Dell showed its forthcoming Inspiron Duo Tablet at the Intel Developer Forum (IDF 2010) but it would be nice if it called it the Dell Flip, or at least the Dell Transformer. It’s a convertible -- it works either as a netbook PC or as an entertainment tablet -- but takes a different approach to swivelling the screen, as show in the video below.
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If we've learned nothing else from Bill Gates over the years, we should at least know by now that a computer in the living room is a bad idea. No, I'm not talking about sitting in a sofa with a laptop, catching up on the DVR and hammering out a few emails after dinner.
Since Intel unveiled its Core i7 quad-core mobile processors at IDF a couple weeks ago, several PC companies have announced mainstream and desktop replacement laptops using these Clarksfield chips. Many sites have reviewed the new platform--known as Calpella--in whitebox notebooks, but so far I haven't seen many reviews of real Core i7 laptops, partly because the industry is waiting on Windows 7.
Someday, I'd like to be able to stream music while swimming. I'd also like to be able to watch a movie premiere - from my car.
Intel awarded four $100,000 prizes today at IDF as part of their INSPIRE/EMPOWER Challenge. Interestingly, three of the prize winners made use of the Intel Classmate PC.
As part of Intel's press package released yesterday when they unveiled the 2nd-generation Classmate PC at IDF, they reminded us that OEMs in mature markets (read North America and Europe) could now begin selling the netbooks:The second-generation Intel-powered classmate PC is a type of “netbook” - a new class of affordable, small form factor, internet centric devices - targeted at education and youth markets worldwide.
The Classmate PC and Asus Eee were on display at the Intel Developer Forum.
After predecessor met with disappointing reviews, Samsung says it has responded to feedback and created a better ultramobile PC.Photos: Test-driving the Q1 UltraPhotos: Take two for Origami and the Q1Photos: It's ultramobile PC day in China
Despite tepid sales (remember Origami?), a new generation of ultramobile PCs will arrive this year, and next year they might run on Linux.Photos: It's ultramobile PC day in China
Our much-travelled Technical Editor Rupert Goodwins is currently deep in Intel briefings at IDF in Beijing, but he's managed to dodge the PowerPoint for long enough to send us this pic of a prototype Ultra Mobile PC (UMPC):What's new about this one is (a) it's running Vista, and (b) it's powered by Intel's as-yet-unannounced '2007 Mobile processor'. There are two separate models, one of which is capable of running Vista's fancy Aero graphics — for around 4.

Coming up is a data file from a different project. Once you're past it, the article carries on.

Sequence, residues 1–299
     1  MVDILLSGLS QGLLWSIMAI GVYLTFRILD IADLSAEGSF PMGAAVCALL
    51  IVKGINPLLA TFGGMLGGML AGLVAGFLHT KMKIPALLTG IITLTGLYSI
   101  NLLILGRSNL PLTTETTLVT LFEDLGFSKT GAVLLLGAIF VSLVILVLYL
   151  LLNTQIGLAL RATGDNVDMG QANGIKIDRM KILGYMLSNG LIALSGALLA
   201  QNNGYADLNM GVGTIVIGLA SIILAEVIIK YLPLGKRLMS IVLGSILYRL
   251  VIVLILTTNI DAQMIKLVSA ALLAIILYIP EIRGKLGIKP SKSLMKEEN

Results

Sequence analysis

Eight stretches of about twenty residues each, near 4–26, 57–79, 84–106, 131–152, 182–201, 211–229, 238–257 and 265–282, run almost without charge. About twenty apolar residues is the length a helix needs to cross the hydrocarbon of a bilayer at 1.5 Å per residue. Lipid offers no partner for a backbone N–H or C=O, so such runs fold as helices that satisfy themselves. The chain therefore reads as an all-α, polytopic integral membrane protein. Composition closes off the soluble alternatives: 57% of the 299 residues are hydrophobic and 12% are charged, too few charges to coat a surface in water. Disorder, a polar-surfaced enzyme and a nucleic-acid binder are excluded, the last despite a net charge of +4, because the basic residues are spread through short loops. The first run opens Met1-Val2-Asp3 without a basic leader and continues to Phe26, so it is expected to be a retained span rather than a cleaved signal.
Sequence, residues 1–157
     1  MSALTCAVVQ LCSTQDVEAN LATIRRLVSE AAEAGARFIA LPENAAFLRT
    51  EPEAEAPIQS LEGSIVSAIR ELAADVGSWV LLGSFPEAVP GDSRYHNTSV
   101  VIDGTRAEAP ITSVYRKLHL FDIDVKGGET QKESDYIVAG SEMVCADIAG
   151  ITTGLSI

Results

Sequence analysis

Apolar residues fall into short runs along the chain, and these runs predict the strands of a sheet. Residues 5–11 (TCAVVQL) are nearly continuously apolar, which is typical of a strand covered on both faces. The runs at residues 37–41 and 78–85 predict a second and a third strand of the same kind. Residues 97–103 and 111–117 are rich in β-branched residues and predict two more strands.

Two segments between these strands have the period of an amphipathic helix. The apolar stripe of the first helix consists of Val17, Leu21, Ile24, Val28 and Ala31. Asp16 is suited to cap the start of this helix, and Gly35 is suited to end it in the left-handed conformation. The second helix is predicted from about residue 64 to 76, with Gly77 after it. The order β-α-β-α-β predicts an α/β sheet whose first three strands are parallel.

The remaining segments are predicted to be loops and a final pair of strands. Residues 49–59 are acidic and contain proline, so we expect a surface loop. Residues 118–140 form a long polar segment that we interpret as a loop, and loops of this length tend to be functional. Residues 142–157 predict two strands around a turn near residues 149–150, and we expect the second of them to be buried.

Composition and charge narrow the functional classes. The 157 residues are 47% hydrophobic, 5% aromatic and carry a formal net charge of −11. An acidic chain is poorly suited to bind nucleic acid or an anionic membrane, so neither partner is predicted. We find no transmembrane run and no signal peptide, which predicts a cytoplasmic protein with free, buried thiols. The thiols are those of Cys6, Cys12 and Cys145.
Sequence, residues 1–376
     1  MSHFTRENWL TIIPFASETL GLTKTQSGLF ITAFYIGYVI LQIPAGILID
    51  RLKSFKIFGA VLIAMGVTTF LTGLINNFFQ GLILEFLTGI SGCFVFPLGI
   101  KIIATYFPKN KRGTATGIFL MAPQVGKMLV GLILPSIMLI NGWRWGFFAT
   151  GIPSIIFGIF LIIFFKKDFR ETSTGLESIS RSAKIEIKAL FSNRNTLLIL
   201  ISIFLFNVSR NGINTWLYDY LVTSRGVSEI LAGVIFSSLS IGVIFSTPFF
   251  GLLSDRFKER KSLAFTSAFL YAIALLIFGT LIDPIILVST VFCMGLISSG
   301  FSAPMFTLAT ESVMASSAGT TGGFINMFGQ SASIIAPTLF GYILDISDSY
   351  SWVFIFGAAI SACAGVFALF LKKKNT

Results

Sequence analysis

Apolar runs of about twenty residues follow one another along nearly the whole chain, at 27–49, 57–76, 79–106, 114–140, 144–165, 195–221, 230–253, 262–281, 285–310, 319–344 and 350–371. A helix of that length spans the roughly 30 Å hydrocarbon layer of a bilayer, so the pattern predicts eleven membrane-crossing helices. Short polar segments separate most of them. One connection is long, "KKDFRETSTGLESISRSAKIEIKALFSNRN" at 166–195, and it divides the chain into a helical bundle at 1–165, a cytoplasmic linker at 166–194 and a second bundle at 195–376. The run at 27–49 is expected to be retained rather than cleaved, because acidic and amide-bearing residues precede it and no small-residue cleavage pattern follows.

Microsoft Mobile PC Manager Dustin Hubbard and his team are moving to some new "secret" project, according to a post by Hubbard on the Origami team blog.
We've just reviewed our second Ultra Mobile PC (UMPC), the R2H from ASUS. In case you'd forgotten, the UMPC caused something of a stir back in February/March when Microsoft ran a teaser campaign for Origami (Redmond's codename for what turned out to be the UMPC) — a small slate-style Tablet PC running Windows XP.
Reviewers and technology publications have been slamming Microsoft's Origami project, aka Ultra Mobile PC devices, for their underpowered specs in comparison to laptops. However, these devices are not designed to replace laptops and actually excel in many areas to provide mobile workers the ability to get the job done and have some fun wherever they may be.
Successor to Origami will look like the Windows XP-based tablet PC, but run the Vista update and hopefully cost less.
CNET's Michelle Thatcher takes a look at the TabletKiosk eo v7110 ultramobile PC. The device will compete with Samsung's Origami tablet.
Samsung formally unveiled its ultra mobile PC, the Q1 this morning. Similar to other "Origami" Windows XP Tablet Edition systems, it has a 7-inch, 800x480 LCD with touch-screen capability, weights 1.
TabletKiosk hoped to beat Samsung out of the gate, but had to halt most shipments because of a glitch. Still, its frankness has won it fans. Photos: Origami tablets gear up
It looks like general public availability of the first Origami (aka UltraMobile PC) devices will be a June/July event based on two recent reports about the new handheld devices. Both TabletKiosk and Samsung are now reported to be looking at June as the best case scenario for geting these sought after devices released.
Electronics giant schedules an event to release the first brand-name device to use Microsoft's Origami concept. Photos: Origami handheld devices
In this latest episode of the Dan & David Show, we start up with a rant about the lack of reliable Wi-Fi at industry events (bring your own EVDO). Then we get into the news of the week, starting with the implications of the Google/Writely combo, Ray Ozzie's Live Clipboard product announcements, and the latest in the Open Document Format battlezone.
The best of ZDNet, delivered
- 1 Perfectly legal ways you can still get Windows 7 cheap (or even free)
- 2 How much does an iPhone 6 really cost? (Hint: It's way more than $199)
- 3 31 ways to improve your iPhone's battery life
- 4 Seven privacy settings you should change immediately in iOS 8
- 5 Review: Tile Bluetooth tag (verdict: Great)